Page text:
that the causation required in a traditional product liability case can be virtually impossible to prove, according to Gottlieb.

The use of consumer protection laws to prevent obesity can be much more effective, suggested Gottlieb. “State consumer protection laws offer a real opportunity to change practices around misleading, deceptive, and unfair marketing practices [for] food and beverages, particularly as they affect children,” he said. Such laws complement the authority of the Federal Trade Commission (FTC) by giving state attorneys general and, often, private parties rights of action to prevent unfair and deceptive practices in sales and marketing at the state level. In some cases and in some states, class actions are also available, so many consumers who were deceived can bring a single case.

Every state prohibits deceptive practices, and some also use language such as “unfair” or “unconscionable” practices. There are differences among the 50 states’ consumer protection laws that usually hinge on courts’ interpretation of what is deceptive, whether a victim relied on a particular misrepresentation, and what sorts of damages are available. Despite these differences, Gottlieb explained, all states prohibit representations that may mislead or deceive consumers.

Several recently decided cases in California used consumer protection laws in an effort to protect child health. In 2008, the case McKinniss v. General Mills targeted the makers of Trix Yogurt, Sunny Delight, and Froot Loops for deceptively implying the presence of fruit in their products. However, the court ruled that a reasonable consumer would never expect real fruit to be in these products. In 2008, the case Williams v. Gerber produced the same result, but the decision was reversed on appeal when the Ninth Circuit Court ruled that a consumer should not have to check the Food and Drug Administration (FDA)-mandated Nutrition Facts panel to verify front-of-package representations. If the McKinniss case had been appealed to the Ninth Circuit Court, said Gottlieb, that earlier decision might also have been overturned, suggesting that further cases of this type could be successful.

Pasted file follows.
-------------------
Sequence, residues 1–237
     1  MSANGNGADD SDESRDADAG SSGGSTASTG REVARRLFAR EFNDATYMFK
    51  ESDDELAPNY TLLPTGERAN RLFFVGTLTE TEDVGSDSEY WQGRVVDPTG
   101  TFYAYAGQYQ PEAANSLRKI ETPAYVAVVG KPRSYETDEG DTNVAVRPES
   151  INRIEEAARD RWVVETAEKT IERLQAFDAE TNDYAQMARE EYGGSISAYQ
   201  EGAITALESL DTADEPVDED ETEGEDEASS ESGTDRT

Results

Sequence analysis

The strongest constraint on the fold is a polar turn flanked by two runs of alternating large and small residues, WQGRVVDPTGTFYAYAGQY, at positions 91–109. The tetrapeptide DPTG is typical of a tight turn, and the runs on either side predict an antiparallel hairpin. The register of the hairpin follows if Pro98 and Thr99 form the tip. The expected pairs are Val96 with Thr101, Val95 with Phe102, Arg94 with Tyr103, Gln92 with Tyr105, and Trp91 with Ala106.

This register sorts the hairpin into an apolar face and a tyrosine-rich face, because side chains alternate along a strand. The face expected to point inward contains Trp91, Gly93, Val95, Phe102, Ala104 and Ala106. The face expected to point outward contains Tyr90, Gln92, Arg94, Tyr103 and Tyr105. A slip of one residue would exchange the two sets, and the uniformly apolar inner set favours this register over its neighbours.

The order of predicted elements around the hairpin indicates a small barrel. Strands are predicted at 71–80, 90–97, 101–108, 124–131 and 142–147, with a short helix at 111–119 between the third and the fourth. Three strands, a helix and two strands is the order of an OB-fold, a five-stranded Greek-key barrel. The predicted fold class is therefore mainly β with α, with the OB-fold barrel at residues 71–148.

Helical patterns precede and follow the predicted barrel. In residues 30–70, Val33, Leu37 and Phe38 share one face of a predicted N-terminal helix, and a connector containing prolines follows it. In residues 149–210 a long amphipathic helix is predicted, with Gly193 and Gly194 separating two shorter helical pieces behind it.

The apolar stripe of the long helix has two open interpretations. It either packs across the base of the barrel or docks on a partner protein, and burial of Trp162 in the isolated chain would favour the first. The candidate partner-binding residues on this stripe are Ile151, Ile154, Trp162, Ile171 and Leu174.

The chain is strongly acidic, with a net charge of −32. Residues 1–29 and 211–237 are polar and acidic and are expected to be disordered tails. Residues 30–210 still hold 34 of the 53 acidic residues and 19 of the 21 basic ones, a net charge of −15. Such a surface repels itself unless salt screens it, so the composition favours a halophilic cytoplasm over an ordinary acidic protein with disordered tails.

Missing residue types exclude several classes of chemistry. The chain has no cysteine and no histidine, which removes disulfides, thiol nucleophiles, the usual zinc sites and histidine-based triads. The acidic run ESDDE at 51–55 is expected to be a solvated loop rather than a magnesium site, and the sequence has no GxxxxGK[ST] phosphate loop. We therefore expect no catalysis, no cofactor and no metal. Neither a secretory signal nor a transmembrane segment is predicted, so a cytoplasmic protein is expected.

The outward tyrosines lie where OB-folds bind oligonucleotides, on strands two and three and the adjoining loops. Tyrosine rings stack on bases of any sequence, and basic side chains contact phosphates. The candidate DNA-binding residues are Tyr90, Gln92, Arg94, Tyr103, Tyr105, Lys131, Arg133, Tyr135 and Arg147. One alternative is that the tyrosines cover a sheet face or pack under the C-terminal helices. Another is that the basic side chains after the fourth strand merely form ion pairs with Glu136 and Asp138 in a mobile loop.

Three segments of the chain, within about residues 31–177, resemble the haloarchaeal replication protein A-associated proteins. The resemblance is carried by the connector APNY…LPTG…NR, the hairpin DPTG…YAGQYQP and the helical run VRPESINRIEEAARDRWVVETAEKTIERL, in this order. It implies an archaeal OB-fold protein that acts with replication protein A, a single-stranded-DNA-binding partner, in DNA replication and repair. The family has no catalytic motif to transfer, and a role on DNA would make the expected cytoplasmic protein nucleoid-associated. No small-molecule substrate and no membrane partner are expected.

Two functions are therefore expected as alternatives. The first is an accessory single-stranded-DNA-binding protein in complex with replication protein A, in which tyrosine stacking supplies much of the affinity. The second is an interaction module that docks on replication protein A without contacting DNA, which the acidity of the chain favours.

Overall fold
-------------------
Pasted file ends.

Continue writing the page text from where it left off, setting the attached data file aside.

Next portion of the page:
Food companies market both to parents and to children. Children can pressure their parents to buy something and also are the direct target of advertising. They spend billions of dollars on their own each year, and their primary spending category is sweets, snacks, and beverages. Adolescents spend almost $100 a week, although not all on food. “Marketing directly to youth is a very powerful tool for the industry, because so much money is getting spent directly by youth,” said Gottlieb. He noted that consumer protection laws protect the target of the marketing, whether children or parents.

The use of state consumer protection law requires understanding whether the purchaser was misled or deceived. Parents are adults and are held to a “reasonable consumer” standard—that is, they should act as a reasonably prudent consumer would act under similar circumstances. Children, on the



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